Behind the Book with Jennifer Drouin

9781442647978Jennifer Drouin is the author of Shakespeare in Quebec: Nation, Gender, and Adaptation. In Shakespeare in Québec, Jennifer Drouin analyses representations of nation and gender in Shakespearean adaptations written in Québec since the Quiet Revolution.

How did you become involved in your area of research?

This research topic was a way for me to combine my two strongest passions, Shakespeare studies and Québec studies. I’m an anglophone, but I did my undergraduate studies entirely in French at an Acadian university where most of my professors were Québécois. I quickly fell in love with Québécois culture, which was a new and exciting revelation once I had learned enough French to understand it. I now consider Québec my home, yet I’ve never forgotten my roots in Nova Scotia where Shakespeare was very important to me growing up in a Loyalist town with deep colonial ties to British culture. My scholarly trajectory has alternated back-and-forth between English and French. One summer I was browsing in a friend’s used bookstore on rue Hart in Trois-Rivières (“bouquiner,” a word I like as much as the activity itself), and I stumbled across an original edition of Robert Gurik’s Hamlet, prince du Québec, and, voilà, le tour était joué! With this research, I wanted to bridge the “two solitudes” by bringing an analysis of Québécois plays in French to an anglophone audience. I’m fascinated by the Québécois nationalist movement and its long, rich history, but I’d always been interested in feminism, gender, and sexuality studies too, so rather than focus on only nation or only gender in the plays I decided to look at both and the relationship between the two.

What do you wish other people knew about your area of research?

I wish scholars would take care with the word “adaptation,” which people tend to throw around a lot as a catch-all term, often without defining it. I proposed my own theory of adaptation in the book because over the past decade or so adaptation studies has taken off, especially with the increasing interest in postcolonial and global Shakespeares, but that has meant that we have more scholars using the term in different ways. I don’t expect everyone to adopt my definitions, but I would like to see others take care to define how they use the term and hopefully adopt my proposal to use qualifying adjectives to distinguish between different media and genres. Stage plays and cinematic adaptations are very different cultural products, and there are multiple types of stage adaptation that need qualification before we can compare them to each other in productive ways.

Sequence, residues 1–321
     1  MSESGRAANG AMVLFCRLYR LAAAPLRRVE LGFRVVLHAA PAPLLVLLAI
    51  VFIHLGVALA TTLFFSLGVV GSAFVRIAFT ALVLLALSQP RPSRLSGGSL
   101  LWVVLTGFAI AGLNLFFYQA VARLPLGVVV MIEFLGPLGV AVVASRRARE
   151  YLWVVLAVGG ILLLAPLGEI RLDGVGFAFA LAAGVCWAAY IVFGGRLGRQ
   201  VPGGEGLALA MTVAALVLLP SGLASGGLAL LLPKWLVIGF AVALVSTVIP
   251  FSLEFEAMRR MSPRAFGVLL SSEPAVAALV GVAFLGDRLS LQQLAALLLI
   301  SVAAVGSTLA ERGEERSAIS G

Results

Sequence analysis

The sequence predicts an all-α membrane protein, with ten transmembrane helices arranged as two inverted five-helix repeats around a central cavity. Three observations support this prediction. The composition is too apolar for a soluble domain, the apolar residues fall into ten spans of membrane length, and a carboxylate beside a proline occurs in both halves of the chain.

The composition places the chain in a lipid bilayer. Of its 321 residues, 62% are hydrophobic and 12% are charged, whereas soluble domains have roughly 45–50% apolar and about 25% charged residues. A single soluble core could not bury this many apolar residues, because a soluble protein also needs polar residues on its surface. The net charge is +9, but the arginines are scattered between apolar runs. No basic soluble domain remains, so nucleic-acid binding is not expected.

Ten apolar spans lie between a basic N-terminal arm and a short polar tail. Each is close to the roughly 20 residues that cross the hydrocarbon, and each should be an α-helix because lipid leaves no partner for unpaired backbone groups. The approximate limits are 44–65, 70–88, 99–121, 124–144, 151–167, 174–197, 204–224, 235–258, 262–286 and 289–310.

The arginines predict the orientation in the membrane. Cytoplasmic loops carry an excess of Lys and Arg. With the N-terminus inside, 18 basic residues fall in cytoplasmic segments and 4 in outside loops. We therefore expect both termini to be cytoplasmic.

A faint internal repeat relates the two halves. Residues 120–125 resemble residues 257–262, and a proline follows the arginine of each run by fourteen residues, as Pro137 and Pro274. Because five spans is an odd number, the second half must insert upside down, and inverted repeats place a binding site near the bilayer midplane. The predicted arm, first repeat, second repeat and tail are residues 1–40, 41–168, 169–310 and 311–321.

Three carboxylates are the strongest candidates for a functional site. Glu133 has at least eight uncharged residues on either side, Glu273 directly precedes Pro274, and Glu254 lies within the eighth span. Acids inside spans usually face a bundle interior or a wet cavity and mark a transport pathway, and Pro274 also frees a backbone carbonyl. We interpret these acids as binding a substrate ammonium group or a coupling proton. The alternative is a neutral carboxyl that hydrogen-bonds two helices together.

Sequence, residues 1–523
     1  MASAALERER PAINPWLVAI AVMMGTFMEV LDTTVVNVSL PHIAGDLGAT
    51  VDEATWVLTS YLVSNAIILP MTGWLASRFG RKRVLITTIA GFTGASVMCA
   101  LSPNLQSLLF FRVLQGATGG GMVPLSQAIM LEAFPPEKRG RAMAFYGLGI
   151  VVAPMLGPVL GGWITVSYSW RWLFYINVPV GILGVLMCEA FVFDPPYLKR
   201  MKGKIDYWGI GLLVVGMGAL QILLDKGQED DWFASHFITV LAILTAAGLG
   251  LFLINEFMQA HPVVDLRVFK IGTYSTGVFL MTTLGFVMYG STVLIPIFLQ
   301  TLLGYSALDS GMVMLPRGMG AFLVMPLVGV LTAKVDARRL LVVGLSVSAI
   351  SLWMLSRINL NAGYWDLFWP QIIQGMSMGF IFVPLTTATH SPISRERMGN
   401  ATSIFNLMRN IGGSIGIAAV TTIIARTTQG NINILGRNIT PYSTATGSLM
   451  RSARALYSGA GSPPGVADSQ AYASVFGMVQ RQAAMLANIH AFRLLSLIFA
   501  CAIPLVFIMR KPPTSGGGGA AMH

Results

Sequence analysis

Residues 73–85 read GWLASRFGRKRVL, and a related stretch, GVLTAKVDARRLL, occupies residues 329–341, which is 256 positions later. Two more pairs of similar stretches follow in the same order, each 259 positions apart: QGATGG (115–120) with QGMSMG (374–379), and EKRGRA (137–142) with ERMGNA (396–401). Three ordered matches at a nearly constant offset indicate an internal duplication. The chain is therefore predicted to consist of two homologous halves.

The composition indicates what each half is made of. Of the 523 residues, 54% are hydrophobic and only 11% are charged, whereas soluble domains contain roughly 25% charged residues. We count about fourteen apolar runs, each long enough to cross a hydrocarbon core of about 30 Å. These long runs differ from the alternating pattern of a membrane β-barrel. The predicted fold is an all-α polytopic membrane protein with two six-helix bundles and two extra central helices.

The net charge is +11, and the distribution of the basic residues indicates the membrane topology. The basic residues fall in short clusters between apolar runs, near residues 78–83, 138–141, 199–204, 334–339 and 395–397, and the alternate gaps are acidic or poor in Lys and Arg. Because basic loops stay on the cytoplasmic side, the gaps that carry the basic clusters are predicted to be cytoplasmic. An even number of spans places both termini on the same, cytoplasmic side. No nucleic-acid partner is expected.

What’s the most surprising thing you discovered during the course of your research?

The sheer magnitude of Québécois adaptations of Shakespeare is startling. I started this project with just one play, Gurik’s Hamlet, prince du Québec, and then I discovered Michel Garneau and a few other authors, then I saw the production of Henry. Octobre. 1970., and by the time I finished the book I had uncovered 37 adaptations, and that’s not counting the many direct translations, stage productions, titular allusions, and cinematic adaptations that I excluded from the book. It is surprising to discover that Shakespeare is a more popular author in Québec than Molière, at least when it comes to rewriting these canonical authors to suit contemporary social and political agendas.

Do you have to travel much concerning the research/writing of your book?

I travel every summer, which is truly a pleasure. Since I’m currently a professor at the University of Alabama, I return home to Montréal for three and a half months when classes are not in session. Most of the adapted plays I wrote about can be found in the archives of the Centre des auteurs dramatiques which is now in the Old Port area downtown, I conducted a lot of research at McGill’s library, and a good chunk of this book was written at Café Expressions on Avenue Mont-Royal where I was a regular fixture. Obviously, it helps to be immersed in Québécois culture when writing about it, so just hearing people talking on the streets, songs on the radio, and watching television or films when I wasn’t writing provided inspiration and sometimes helped make ideas click. I also travel regularly to national and international conferences to present this work, and as a result of a conference I attended in France I was invited to be a visiting professor for a month last year at Université du Havre and to present my work in Montpellier. It’s exciting to see how Québécois Shakespeares are received in France and to discern the linguistic and cultural similarities and differences between Québec and France.

What are your current/future projects?